When faith in science collapses

Jesus began his preaching in Nazareth, where everyone knew “the son of Joseph.” This beginning ends with a failure: “They drove him out of the city” (Luke 4, 29), even with murderous intentions. Why this violent rejection by these good people? The Bible indicates that they demanded some miracle, but were offended by Jesus’ preference for strangers and the poor: already in the Old Testament, they had welcomed the prophets in greater abundance, that is, those with a god. Israel has entrusted his word.

I wonder if we, Christian nations for two millennia, do not act in the same way. Certainly, there is no violent rejection of Jesus and his preaching. But perhaps we will oppose him with polite but firm denial and politely accompany him to the door, especially at this time of pandemic. We also like some miracles, even small ones, especially now, that our faith in science is being shaken. The absence of God is our accusation: how many millions of men have questioned, not only at Auschwitz, his silence.

In the face of silence, but also a lot of words, the result is sadness. Should we wait for the pandemic to end to regain some calm? What will we do with the suffering of these days? Will it be possible to leave again or at least forget?

I am more and more convinced that the only way out of this grief is conversion. I deliberately use this word out of religious language, and I take comfort in the fact that it is the first word that Jesus utters in his preaching (Matthew 4:17).

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Conversion is often interpreted in an ethical and moral sense: it will consist in escaping from sinful habits, in order to adopt virtuous behavior. Sure, changing our habits is important, but it comes later. Conversion is first of all listening to a word that each person discovers is addressed to him and not to others and asks to ask himself, or rather to set out on a journey. Moral behavior is often constant, because of the conviction that we are fine with God and with men: and for this we are disappointed when this type of insurance policy is not respected.

Conversely, transmutation (literally, “addressing someone”) is first of all accepting that the other takes the initiative, possibly upsetting or frightening us. But, unlike the universal moral commandments which concern everyone, conversion is a welcome word addressed to me and I alone, which already contains for this simple truth the promise: “I am with you always.” This word “is very near to you, it is in your mouth and in your heart, that you may put it into practice,” it was previously said by the Old Testament (Deuteronomy 30-14). To listen to it, a little availability is useful, to turn off the noise, even the background noise of our souls. The habit of reading a small portion of the Bible every day, as it is available, without expecting to find an answer to our problems immediately is very beneficial. The answer will come slowly, but above all will come solace.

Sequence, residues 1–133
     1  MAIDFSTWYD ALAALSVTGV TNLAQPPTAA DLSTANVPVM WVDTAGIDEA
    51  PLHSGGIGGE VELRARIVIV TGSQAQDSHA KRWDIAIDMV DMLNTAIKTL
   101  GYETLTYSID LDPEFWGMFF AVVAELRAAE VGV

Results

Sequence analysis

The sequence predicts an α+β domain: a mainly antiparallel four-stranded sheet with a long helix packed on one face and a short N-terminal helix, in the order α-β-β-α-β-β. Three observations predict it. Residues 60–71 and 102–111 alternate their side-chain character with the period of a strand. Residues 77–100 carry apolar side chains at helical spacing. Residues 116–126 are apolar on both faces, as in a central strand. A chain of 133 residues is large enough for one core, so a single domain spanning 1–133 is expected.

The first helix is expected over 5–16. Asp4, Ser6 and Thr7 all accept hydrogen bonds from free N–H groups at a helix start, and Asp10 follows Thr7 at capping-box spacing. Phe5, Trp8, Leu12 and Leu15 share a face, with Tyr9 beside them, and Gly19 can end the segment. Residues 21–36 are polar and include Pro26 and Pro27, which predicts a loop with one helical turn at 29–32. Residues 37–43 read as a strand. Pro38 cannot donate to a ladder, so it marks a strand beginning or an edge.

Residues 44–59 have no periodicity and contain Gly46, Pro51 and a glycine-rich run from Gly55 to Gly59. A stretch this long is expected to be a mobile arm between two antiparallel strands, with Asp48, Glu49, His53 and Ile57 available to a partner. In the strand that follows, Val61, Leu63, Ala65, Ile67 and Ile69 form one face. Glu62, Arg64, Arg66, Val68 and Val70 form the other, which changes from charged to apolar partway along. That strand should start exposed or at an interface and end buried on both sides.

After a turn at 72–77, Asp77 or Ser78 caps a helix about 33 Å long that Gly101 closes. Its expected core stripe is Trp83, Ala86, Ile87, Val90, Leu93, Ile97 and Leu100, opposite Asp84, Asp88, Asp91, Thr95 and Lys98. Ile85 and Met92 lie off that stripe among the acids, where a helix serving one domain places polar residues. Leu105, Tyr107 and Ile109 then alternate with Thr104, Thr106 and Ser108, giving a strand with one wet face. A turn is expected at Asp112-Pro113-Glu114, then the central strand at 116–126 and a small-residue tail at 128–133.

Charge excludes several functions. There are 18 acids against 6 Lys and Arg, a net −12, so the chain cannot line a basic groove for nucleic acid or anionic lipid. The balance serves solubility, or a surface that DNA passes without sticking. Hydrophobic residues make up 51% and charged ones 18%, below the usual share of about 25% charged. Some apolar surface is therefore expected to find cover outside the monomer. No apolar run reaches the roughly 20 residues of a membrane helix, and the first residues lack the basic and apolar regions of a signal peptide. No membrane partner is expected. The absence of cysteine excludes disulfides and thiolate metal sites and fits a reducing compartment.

Indeed, sorrow comes from loneliness, and peace comes from the assurance of a good presence that accompanies us by hand. As we have seen, it is the poor and foreigners who easily hear this word. The stranger is he who has no rights, and the poor one who runs out of his resources: for this reason their souls are more available, even if they themselves also have to ask questions, question expectations, and accept ironically that consolation comes from another poor, from a poor God even to the cross.

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The result of the transformation is necessarily charity. In this Sunday’s readings, Paul spoke to us impressively (1 Cor. 13). But here, too, we need to put ourselves in perspective of a spiritual journey: I’ll never be able to say, “I’ve loved enough.” The Prophet says: “Charity is a mercy that does not seek its own interest.” How beautiful, this word “mercy”, broad-minded, generous and hospitable: merciful loving is able to welcome one’s own suffering and the suffering of others, with hope and confidence. Then, even an epidemic can be an opportunity to become better: aware of our poverty, we will discover that we have many brothers: this will be our true wealth.

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